About Stephen Dorman

I am a consultant cardiologist at the Bristol Heart Institute where I specialise in coronary and structural intervention. I am the clinical lead for the coronary intervention and transcatheter aortic valve implantation (TAVI) services at the BHI. I undertook my interventional fellowship at Hopital Bichat in Paris , before moving to Swansea and then Bristol and have been a consultant for 10 years.

Profession

I am a practising Specialist Doctor, in the UK

Main area of expertise

Cardiology

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Recent Comments

Jan 20, 2022
Replying to Stephen Mort

Excellent presentation. It would be helpful to know if anticoagulation is beneficial in those with infrequent attacks of AF (given the results of the KP Rhythm study) and in those who have had a successful ablation. Thank you. Stephen Mort.

Thanks Stephen – great question

The official answer from the European Society of cardiology guidelines is “The threshold of AF burden at which to initiate OAC therapy needs to be defined more clearly. This knowledge gap has resulted in substantial variation in physician attitudes and practice patterns”

Essentially we are waiting for the results of 2 RCT’s in subclinical AF patients ( CIED & NOAH) to try and answer this question.

Generally speaking there is consensus that;


1.    For individuals with asymptomatic AF detected on implantable devices GREATER THAN 24 HOURS in duration the stroke risk approaches that of clinically diagnosed AF and so anticoagulation should be considered. 
2.    For episodes of asymptomatic AF LESS THAN 5 MINUTES detected on implantable devices the stroke risk appears to be minimal.
3.    For episodes between 5 minutes and 24hoursreasonable to use AF duration and CHADS VASC to inform the decision on anticoagulation


The more you read the more complex it becomes .

 I would recommend the following article “It’s time to rethink ( and retrial) our framework for stroke prevention in atrial fibrillation” – Turakhia JAMA Cardiolo Sept 29 2021  which challenges a lot  of long held assumptions 

Regarding whether or not you need anticoagulation post AF Ablation most EP doctors would recommend you continue to be guided by the CHADS VASC score.

Hope that helps provide some insight into the many unknowns of this area

Steve Dorman

Jul 31, 2021
Replying to Colin R Cuthbert

Following ablation, if successful in restoring sinus rhythm, do patients need to continue with anticoagulation as indicated by the CHADSVasc score?

Most people feel you should continue anticoagulation ( if indicated by CHADSVasc) , even if ablation is successful.  There may be a small number in the EP community who would feel it might not be needed in selected cases  but that would not be generic advice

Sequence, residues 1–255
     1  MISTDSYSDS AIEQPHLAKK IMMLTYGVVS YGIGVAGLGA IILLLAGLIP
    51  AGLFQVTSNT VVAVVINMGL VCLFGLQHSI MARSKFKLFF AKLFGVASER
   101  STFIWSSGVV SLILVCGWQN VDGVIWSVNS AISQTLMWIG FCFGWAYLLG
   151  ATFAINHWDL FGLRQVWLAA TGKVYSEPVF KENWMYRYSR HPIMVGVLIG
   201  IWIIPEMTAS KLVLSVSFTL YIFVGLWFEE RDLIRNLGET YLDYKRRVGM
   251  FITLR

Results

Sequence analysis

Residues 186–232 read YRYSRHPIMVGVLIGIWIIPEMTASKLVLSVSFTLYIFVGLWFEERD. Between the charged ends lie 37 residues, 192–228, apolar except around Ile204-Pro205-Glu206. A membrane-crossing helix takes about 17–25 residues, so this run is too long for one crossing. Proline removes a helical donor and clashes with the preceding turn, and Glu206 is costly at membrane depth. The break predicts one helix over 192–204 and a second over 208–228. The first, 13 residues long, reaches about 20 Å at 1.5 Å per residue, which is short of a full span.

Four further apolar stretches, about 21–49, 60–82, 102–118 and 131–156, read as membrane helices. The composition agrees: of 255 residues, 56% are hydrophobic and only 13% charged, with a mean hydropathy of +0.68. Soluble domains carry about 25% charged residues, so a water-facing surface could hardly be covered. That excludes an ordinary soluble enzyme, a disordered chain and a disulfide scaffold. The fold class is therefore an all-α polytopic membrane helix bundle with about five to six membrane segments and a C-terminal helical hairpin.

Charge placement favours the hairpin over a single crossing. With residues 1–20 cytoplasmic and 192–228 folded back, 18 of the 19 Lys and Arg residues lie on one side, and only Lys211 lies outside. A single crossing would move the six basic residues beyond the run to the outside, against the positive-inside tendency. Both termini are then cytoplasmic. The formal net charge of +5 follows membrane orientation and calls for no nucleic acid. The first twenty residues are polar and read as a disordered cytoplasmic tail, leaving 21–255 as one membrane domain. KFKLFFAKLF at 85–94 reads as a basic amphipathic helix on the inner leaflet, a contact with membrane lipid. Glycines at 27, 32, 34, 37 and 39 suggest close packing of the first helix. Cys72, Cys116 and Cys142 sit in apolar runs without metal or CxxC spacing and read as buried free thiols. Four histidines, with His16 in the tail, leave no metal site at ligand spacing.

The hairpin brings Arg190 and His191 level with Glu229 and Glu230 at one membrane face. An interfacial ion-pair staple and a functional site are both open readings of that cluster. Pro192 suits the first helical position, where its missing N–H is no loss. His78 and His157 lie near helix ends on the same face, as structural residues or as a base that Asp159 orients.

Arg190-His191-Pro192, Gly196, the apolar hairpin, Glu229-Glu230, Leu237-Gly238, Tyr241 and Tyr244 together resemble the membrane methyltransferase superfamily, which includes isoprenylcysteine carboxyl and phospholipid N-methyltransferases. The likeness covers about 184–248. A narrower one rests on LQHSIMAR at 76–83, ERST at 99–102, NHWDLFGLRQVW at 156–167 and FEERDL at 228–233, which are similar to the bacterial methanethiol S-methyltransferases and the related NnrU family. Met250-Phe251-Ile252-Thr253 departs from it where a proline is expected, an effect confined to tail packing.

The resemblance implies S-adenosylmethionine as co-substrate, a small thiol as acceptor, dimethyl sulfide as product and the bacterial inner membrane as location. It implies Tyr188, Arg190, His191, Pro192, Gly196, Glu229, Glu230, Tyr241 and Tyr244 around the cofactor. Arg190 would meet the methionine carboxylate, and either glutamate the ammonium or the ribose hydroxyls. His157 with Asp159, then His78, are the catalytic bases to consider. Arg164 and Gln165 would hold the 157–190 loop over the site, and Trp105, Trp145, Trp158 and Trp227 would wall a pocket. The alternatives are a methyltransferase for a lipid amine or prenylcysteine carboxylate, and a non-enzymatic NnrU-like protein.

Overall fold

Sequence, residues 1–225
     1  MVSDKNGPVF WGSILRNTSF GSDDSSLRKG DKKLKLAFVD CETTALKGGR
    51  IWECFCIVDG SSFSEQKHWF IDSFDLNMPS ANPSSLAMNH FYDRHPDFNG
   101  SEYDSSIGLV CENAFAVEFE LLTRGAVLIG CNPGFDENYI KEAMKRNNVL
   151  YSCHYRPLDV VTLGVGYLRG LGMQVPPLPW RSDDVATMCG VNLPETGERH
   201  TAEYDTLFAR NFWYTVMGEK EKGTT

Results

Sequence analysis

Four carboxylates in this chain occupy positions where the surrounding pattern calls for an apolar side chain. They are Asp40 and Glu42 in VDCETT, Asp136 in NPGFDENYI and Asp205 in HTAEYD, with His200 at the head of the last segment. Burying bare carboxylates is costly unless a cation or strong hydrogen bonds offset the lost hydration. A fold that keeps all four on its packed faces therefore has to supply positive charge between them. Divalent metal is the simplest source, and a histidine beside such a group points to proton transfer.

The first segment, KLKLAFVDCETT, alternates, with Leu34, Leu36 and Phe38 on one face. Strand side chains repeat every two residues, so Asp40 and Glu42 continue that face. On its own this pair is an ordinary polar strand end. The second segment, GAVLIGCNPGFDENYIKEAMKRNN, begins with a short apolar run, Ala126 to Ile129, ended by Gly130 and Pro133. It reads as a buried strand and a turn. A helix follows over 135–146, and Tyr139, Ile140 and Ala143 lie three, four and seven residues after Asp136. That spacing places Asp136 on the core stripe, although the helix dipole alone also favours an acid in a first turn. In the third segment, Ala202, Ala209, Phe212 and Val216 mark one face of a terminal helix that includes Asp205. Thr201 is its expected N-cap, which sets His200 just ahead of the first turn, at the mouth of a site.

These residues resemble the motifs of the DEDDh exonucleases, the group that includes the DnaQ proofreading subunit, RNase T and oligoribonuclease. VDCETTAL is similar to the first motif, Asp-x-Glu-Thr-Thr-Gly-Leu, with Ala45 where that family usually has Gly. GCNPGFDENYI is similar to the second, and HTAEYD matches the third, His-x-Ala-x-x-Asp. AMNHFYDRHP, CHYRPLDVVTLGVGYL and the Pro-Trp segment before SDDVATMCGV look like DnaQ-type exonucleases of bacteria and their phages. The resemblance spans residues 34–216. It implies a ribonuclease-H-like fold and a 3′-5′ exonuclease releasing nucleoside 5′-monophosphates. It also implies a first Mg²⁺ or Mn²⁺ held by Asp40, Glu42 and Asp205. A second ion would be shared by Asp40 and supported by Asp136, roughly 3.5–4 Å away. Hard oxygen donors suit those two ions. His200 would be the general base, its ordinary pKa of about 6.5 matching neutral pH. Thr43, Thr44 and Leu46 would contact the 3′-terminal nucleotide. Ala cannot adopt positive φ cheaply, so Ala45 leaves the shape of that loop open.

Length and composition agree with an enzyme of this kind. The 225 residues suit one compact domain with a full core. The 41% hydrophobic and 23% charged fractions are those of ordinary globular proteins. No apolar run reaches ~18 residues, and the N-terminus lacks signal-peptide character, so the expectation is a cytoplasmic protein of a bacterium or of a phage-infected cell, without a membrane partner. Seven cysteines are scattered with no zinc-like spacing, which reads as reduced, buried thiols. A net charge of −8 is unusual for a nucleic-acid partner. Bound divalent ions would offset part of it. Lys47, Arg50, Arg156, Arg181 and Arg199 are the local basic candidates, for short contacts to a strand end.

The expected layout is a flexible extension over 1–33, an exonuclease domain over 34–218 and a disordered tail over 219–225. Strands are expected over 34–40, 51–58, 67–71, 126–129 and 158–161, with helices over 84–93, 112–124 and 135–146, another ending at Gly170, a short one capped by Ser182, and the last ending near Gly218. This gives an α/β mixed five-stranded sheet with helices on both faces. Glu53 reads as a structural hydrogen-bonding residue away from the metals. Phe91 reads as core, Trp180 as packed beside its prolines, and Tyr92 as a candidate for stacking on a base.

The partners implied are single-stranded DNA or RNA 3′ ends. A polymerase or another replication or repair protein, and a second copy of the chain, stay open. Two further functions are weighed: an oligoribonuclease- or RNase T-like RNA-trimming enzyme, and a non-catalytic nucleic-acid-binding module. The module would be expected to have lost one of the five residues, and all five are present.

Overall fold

Jul 30, 2021
Replying to Stephen C Davies

Excellent update and interesting to hear the interventional cardiologist disagree with NICE in relation to early referral for ablation in symptomatic younger patients whose QOLY is affected.

I had successful ablation 6 years ago in Leeds and it has transformed my QOL!

Dr SD GP Nottinghamshire

Thanks very much - a big topic to cover in 20 minutes and completely agree with your comment about the transformative effect of ablation in younger symptomatic patients.   As always case selection for an interventional procedure is key and there is no doubt well selected patients do extremely well, so no issues with early referral for this group. 

Steve

Apr 01, 2021
Replying to Stephen Mort

Excellent, succinct overview. First rate. Thank you. 

Thanks Stephen.   Next post will be what is normal on an "Echo". which I will try and keep brief ! 

Oct 26, 2020
Replying to Rebecca A Wheater

A helpful overview of the Ischemia Trial. Under current Covid restrictions we are not able to send patients for ETT in my area, where the system set up does not have capacity for many CT-angiograms; thus we have reverted to medicine that we practised 20 years ago & if history suggests angina we are (at the request of our cardiology colleagues) initiating & optimising medical treatment in Primary Care. Naturally this applies to stable angina, with those exhibiting unstable angina being seen by cardiology. You make a great point about LAD disease +/- LVF doing better with intervention. Ischemia was a worthwhile trial in our current medico-economic climate.

thanks.

Rebecca Wheater, GP & Co-Chair of SHARP, Tayside

Thanks Rebecca - You are quite correct that most hospitals are very unkeen on doing treadmill tests currently due to the Covid situation and CT capacity is better in some areas than others.   The main value of the CT Coronary angiogram is to quantify the extent of disease and exclude LMS disease. If you can't access the right tests then initiating & optimising medical therapy is a very reasonable and pragmatic response.  I think we have come full circle from highly sophisticated ischaemia testing to going back to ask the patient about their symptom burden.  A high symptom burden is actually a pretty good guide to the need for intervention. 

thanks

Steve Dorman

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